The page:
So long as Playtonic doesn't have a publisher that agrees to finance all their games without gaining the IP in the process, it's better for them that they go to Kickstarter until they can stand on their own feet - thus avoiding the risk of going bankrupt the moment Playtonic makes a financial flop. I doubt that Team 17 would agree to fund games that requires tens of millions of dollars, and the money you make from crowdfunding is nowhere near enough in making AA/AAA games - that and a large portion of the collected money goes to pledge rewards/taxes/various other things which makes the budget for the game even smaller. And while Yooka-Laylee can be made with a small budget, other games that require things such as talented voice actors can not.
Chrysalis_Blossom wrote:Xellos wrote:While a Yooka-Twolee would be nice, or a spiritual successor to Conker and Jet Force Gemini - I would like to see something completely different than either of those games as Playtonic's next game. I hope that after Yooka-Laylee's massive success, they would collaborate with Gory Detail to revive Urchin - from the creative mind of Chris Seavor. The polar opposite of Yooka-Laylee, a very dark and depressing game starring a broken girl as she needs to survive against the unimaginable horrors of her world. It's not everyone's cup of tea, but if you can appreciate depressing games like American Mcgee's Alice that are also thought provoking at the same time, then you can see the potential Urchin has. Playtonic is one phone call away to make this cancelled game a reality, as Chris Seavor still wants to see his project getting released one day.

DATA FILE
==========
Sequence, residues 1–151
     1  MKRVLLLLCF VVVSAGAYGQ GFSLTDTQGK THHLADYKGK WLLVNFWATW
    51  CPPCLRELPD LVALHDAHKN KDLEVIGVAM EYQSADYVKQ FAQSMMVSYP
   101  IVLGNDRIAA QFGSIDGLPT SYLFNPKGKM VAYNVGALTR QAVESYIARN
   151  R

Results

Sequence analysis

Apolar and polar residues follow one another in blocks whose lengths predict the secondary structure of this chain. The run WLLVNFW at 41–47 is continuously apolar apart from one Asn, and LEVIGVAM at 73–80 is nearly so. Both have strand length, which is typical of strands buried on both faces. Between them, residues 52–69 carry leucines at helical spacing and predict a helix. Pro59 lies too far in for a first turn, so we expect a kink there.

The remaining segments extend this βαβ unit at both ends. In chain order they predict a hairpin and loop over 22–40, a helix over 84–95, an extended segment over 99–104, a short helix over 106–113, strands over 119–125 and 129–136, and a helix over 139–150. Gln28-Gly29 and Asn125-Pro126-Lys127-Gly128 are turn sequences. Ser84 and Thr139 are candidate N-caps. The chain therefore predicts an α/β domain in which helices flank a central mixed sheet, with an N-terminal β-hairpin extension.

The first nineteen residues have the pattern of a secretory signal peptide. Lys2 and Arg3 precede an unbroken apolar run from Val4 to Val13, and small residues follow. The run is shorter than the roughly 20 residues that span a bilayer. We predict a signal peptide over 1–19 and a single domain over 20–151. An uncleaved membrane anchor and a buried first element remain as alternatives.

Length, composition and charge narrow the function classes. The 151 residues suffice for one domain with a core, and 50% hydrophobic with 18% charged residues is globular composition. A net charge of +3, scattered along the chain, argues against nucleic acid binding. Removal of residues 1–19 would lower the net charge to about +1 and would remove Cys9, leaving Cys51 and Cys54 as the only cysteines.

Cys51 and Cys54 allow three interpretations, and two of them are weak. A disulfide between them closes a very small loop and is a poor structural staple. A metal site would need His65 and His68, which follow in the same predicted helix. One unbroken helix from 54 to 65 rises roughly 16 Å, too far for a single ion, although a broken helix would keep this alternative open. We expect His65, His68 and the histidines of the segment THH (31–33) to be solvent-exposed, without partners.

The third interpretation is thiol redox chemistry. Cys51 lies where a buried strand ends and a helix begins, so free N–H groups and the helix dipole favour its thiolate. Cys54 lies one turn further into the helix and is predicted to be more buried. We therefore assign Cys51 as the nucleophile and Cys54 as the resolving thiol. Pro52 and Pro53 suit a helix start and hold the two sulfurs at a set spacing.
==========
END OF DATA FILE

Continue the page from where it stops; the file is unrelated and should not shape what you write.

I would pledge 150 euros to the hypothetical Kickstarter of Urchin, maybe more. That's how much I love this game to see the light of the day.
I never thought about that, but I agree, that'd be amazing. I would also pledge an awful lot of money to make Urchin see the light. I wonder if Microsoft holds the copyright for Urchin - technically it shouldn't, since the game was never released, but I'm not a lawyer, so...
Sadly, Microsoft does own the copyright of Urchin - but there is a way of getting around that legal matter. Chris Seavor only needs to slightly alter the appearance of Lilith the main protagonist, other characters, and change the name of the game to something else than Urchin. See it as a 'spiritual successor' to a game that never materialized.